News

France's Sarkozy Will Leave Mixed Legacy as EU President

On New Year's Day France hands over the rotating European Union presidency to the Czech Republic, ending one of the most eventful six-month tenures ever as head of the 27-member bloc.  

French President Nicolas Sarkozy is known as a man of action - and he had plenty of issues to act on during France's six months at the helm of the European Union. France's agenda initially included launching a new European-Mediterranean partnership including North African and Middle Eastern nations, and to advance the Lisbon Treaty to reform the 27-member EU.

But unforeseen events worked to shape the French presidency into one of the most dynamic in EU history. First came the brief war between Russia and Georgia in August. President Sarkozy went to both capitals to secure a cease-fire agreement.

Then came the financial and economic crises.  Mr. Sarkozy called for a European summit for figure out a common strategy to tackle the meltdown - and pushed for a larger summit of the world's top economic powers in Washington.

In a farewell address to the European Parliament in the French city of Strasbourg earlier this month, Mr. Sarkozy dwelt on his tenure as EU president.

The French leader said he had learned tolerance and a certain overture in trying to address the problems of 27 nations. He had tried to change Europe, he said, but Europe had changed him. And he said the European Union was more necessary now than ever.

A number of diplomats and pundits have praised Mr. Sarkozy's energy, including European Union foreign policy chief Javier Solana. Philip Whyte, a senior analyst at the Center for European Reform in London, also gives the French president good marks.

"I think Sarkozy on the whole has done quite a good job," he says. "Sarkozy is not someone who has a particularly coherent ideological view of the world. He's really a man of action rather than a man of ideas. And because he's a man of action, he's actually brought to the EU a lot of the energies that were needed at this current point in time."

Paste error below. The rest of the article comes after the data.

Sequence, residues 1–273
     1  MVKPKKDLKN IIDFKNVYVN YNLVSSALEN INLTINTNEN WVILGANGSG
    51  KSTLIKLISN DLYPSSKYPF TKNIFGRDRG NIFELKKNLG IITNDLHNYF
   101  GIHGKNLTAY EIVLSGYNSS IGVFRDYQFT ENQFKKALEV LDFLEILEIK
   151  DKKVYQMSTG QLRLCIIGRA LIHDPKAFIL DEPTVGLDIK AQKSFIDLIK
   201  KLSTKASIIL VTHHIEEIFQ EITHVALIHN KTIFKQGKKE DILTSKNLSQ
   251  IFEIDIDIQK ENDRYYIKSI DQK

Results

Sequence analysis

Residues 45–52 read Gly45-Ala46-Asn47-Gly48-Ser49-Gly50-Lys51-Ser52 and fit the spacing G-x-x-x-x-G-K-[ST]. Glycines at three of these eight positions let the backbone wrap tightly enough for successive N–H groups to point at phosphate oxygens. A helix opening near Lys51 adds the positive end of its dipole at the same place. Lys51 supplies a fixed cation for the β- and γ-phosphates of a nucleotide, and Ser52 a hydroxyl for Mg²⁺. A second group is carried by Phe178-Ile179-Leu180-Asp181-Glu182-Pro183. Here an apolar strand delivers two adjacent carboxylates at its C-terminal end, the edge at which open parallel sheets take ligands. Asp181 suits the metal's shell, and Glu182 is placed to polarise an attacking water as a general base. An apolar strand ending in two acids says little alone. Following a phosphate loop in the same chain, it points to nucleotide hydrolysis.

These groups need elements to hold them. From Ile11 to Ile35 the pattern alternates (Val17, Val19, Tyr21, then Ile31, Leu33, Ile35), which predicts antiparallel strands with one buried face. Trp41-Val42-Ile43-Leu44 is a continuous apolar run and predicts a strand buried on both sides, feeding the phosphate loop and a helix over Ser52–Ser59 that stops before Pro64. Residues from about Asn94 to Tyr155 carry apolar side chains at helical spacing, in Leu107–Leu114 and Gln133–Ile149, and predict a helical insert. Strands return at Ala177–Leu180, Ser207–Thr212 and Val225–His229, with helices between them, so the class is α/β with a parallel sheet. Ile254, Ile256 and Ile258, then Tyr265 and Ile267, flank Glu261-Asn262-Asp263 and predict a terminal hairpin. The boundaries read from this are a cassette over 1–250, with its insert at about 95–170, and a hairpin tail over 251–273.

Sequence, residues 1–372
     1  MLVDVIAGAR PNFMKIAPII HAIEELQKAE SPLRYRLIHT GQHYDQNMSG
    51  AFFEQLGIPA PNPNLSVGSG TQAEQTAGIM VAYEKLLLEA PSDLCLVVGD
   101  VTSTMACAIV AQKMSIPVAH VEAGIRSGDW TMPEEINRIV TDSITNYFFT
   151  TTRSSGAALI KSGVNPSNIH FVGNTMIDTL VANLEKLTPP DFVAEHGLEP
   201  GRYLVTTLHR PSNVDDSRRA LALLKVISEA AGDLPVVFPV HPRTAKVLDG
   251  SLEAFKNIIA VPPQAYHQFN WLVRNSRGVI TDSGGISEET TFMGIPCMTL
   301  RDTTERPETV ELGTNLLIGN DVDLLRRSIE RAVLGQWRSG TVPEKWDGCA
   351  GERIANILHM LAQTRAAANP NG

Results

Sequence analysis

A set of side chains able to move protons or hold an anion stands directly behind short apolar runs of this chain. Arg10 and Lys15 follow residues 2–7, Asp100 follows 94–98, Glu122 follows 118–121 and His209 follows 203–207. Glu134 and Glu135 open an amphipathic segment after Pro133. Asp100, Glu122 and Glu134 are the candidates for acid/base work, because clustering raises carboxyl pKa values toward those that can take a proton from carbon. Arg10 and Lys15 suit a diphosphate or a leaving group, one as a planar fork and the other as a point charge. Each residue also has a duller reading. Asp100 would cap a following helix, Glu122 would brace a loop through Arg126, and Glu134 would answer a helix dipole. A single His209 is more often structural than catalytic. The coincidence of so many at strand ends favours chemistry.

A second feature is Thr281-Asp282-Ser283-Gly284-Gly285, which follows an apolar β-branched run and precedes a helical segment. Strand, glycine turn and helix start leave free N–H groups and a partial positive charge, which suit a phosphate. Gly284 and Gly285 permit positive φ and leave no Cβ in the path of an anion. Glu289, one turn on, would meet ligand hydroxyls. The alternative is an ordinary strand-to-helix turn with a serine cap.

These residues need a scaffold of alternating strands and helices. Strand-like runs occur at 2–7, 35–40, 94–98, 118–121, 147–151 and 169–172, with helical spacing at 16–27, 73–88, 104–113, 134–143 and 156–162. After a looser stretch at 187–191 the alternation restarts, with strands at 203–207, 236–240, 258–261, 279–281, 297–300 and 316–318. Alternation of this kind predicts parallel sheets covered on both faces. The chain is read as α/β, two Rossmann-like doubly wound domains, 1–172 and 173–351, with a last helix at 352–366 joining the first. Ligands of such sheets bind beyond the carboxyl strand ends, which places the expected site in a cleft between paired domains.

Some analysts actually wonder whether Sarkozy has left a lasting mark on the role of an EU president because he has been so active these past six months. Earlier in December, he also managed to secure EU agreement on a climate change plan considered the most far-reaching to date. Still, the final deal was watered down.

"Maybe he's tried to fill a real political role, to show he's a political leader. It's not sure he succeeded in that field because on many issues he didn't get a major outcome," says French analyst Philippe Moreau Defarges. "One example, the climate/energy package. It's clear that agreement is not an historical agreement, it's just adding the 27 national visions."

Mr. Sarkozy's authoritative style has also managed to ruffle feathers - notably that of German Chancellor Angela Merkel.

"The Franco-German relationship has always been the key relationship within the EU," says analyst Philip Whyte. "But I think Sarkozy's approach to diplomacy has always riled the Germans. And I think the personal relationship between Angela Merkel and Nicolas Sarkozy is at an all-time low."

Mr. Sarkozy has scored political points at home. A poll earlier this month found 56 percent of French approved of his EU presidency. His popularity has also risen compared to earlier this year, when many French disapproved of his lifestyle and his tough reform policies.

But analyst Defarges points out that many French are more interested in issues facing them at home - notably the moribund economy and unemployment - than the European Union.

As for Mr. Sarkozy - he may be ending his European presidency, but he appears intent on keeping France a major world player.

 

This forum has been closed.
Comments
     
There are no comments in this forum. Be first and add one

Featured Videos

Your JavaScript is turned off or you have an old version of Adobe's Flash Player. Get the latest Flash player.
Turkey's Main Opposition Party Hopes for Election Breakthroughi
X
May 22, 2015 10:23 AM